When you rent a bike from us at www.goodwheelrentabike.co.uk we want you to be comfortable. In order to be comfortable you have to have the right saddle and know how to use it properly. Here is some advice from the cycling gurus Sheldon Brown and John Allen.
Every Spring, bike shops sell lots of saddles to cyclists who come in because their old saddle has become uncomfortable since they stopped cycling in the Autumn. They went out for a ride or two, and found it much less comfortable than they remembered from the previous year. They’ve heard about the latest buzzword in saddle gimmicks, and they want one of those!
They buy the new saddle, put it on the bike, go for a few more rides, and find they’re much more comfortable. They tell all their friends about their wonderful new saddle, and how they need one too…
But was it really the new, high-tech saddle…or was it just that the rider had become unaccustomed to cycling over the winter layoff? In many cases, working your way up over the course of a few short rides of gradually increasing length is all that is necessary, if you have a decent-quality saddle, properly adjusted. If you have previously been comfortable on your present saddle, don’t be in a hurry to change.
A saddle is intended to carry some, but not all of your weight. The rest of your weight is mainly carried by your legs, and some by your hands and arms.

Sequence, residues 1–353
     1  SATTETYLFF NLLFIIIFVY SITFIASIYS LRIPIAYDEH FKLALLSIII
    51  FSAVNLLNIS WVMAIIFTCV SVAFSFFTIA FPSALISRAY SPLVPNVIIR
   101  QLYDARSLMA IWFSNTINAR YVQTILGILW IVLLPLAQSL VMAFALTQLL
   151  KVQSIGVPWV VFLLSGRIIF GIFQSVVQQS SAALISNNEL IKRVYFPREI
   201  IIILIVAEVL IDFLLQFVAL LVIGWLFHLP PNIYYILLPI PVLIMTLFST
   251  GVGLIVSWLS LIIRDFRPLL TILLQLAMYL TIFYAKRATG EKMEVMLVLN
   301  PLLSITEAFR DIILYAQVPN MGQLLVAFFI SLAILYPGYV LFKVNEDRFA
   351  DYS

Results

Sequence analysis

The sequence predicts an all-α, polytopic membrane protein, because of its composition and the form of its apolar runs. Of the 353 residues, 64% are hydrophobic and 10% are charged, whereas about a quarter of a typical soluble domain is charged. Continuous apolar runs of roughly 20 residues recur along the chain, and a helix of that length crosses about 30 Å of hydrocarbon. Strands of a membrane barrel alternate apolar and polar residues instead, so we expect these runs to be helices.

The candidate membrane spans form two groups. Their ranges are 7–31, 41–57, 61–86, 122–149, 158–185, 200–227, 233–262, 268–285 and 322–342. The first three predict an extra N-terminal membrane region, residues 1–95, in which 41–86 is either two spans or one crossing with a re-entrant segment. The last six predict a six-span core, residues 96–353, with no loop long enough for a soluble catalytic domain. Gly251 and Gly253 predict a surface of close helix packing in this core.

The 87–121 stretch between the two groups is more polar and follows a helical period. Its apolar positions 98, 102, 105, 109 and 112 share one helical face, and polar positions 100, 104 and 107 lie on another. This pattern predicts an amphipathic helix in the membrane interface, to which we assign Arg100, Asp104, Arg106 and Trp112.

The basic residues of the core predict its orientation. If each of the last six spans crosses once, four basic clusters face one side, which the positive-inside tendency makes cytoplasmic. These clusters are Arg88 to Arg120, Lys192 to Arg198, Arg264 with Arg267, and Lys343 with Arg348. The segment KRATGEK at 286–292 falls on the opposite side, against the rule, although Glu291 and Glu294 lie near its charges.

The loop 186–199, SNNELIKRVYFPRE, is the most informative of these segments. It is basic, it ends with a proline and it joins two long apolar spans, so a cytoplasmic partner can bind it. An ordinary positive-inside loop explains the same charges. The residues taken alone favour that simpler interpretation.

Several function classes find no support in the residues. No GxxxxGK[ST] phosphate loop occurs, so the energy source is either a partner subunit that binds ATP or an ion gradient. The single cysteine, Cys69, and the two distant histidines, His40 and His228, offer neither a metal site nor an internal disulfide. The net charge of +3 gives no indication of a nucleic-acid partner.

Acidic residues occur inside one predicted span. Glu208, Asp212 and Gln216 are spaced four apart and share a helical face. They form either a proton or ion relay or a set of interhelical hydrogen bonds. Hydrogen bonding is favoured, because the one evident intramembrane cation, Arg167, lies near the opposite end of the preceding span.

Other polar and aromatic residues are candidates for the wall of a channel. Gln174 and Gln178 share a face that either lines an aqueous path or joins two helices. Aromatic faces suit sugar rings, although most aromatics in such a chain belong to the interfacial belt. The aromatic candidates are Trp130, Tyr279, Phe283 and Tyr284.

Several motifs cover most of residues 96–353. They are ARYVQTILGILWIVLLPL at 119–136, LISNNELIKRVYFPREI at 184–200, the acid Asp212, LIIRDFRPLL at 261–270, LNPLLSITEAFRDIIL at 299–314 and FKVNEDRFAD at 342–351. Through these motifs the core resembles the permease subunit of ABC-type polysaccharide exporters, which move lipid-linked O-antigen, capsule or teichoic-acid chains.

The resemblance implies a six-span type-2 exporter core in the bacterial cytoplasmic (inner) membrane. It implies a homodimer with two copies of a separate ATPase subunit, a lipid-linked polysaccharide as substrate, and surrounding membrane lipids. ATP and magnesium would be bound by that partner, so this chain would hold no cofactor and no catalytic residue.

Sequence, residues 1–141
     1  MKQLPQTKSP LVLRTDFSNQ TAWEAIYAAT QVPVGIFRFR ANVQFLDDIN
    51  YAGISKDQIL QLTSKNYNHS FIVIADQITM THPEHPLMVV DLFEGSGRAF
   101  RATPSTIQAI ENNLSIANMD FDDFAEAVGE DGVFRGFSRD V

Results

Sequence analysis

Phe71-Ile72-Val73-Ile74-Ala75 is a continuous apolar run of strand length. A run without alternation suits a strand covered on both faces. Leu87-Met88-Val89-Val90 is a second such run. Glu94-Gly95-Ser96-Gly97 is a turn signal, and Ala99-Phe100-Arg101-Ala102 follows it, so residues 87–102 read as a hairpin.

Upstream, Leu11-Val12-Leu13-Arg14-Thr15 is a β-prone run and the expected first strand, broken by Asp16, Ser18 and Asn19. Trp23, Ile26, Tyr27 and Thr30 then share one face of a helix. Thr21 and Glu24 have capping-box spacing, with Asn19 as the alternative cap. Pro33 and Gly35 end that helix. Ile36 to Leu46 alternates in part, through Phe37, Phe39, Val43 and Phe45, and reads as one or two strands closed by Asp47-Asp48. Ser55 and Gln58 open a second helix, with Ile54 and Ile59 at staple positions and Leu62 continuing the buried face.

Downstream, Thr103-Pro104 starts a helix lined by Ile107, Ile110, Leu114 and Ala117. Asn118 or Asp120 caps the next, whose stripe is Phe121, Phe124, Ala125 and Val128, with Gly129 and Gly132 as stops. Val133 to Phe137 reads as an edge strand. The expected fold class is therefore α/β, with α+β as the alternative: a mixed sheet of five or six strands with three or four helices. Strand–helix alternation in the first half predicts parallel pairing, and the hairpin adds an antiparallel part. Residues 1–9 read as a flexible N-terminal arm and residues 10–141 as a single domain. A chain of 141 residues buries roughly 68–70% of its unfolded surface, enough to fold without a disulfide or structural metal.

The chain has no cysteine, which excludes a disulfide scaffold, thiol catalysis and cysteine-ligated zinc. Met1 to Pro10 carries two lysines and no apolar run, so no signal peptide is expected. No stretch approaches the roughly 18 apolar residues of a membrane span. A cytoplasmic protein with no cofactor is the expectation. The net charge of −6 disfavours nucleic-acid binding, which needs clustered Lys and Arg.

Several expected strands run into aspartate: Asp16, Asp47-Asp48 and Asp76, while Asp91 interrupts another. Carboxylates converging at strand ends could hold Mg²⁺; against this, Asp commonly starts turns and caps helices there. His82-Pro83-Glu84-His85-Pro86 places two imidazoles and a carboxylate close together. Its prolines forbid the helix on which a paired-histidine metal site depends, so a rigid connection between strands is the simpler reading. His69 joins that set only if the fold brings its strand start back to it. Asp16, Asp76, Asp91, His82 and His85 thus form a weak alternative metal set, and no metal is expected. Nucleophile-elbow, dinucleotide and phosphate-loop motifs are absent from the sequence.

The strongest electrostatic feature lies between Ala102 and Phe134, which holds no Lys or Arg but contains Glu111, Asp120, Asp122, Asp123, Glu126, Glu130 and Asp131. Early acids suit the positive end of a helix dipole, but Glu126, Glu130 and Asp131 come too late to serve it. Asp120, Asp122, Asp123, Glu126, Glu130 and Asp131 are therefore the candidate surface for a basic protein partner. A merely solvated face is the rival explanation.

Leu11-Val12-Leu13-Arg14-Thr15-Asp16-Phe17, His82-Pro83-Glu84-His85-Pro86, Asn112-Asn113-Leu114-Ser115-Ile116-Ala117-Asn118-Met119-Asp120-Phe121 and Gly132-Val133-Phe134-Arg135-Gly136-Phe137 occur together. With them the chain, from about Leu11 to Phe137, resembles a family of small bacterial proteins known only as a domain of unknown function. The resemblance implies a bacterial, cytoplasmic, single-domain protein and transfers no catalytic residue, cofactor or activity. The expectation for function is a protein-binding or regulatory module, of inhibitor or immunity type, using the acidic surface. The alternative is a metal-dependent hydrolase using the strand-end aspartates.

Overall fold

A cyclist who is out of cycling shape from being off a bicycle for a few months or more, will start out strong, but their legs will tire rapidly. When the legs tire, the rider sits harder on the saddle, and that’s when the trouble starts. Many saddle complaints are actually traceable to fatigue caused by starting out the season with a longer ride than you are ready for.
If it has been several months or more since you rode a bicycle regularly, you can expect to be sore if you ride any serious distance.
If you are coming off of a layoff of months or years, start with short rides and increase your distance gradually. Anybody in decent shape can hop on a bike and ride 15-20 miles, but if you haven’t accustomed your body to cycling first you are likely to feel it afterwards.
When a cyclist finds a saddle uncomfortable, the first impulse is often to look for a soft one. This is often a mistake. Just as the softest mattress is not necessarily the most comfortable to sleep on, the softest saddle is not the most comfortable to cycle on.
Many cyclists are unaware of this, and many saddles are made to appeal to the purchaser who chooses a saddle on the basis of how easily the thumb can sink into the squishy top. This type of saddle is only comfortable for very short rides, (though an inexperienced cyclist will often find it more comfortable than a better saddle, as long as rides don’t exceed a mile or two.)
Saddles with excessive padding are also a common cause of painful chafing of the inner thigh, as rides become longer.
So what is the best way to avoid saddle pain? Make sure you saddle is not too soft and don’t use it as a seat. Keep most of your weight on your legs, rather like when you are riding a horse!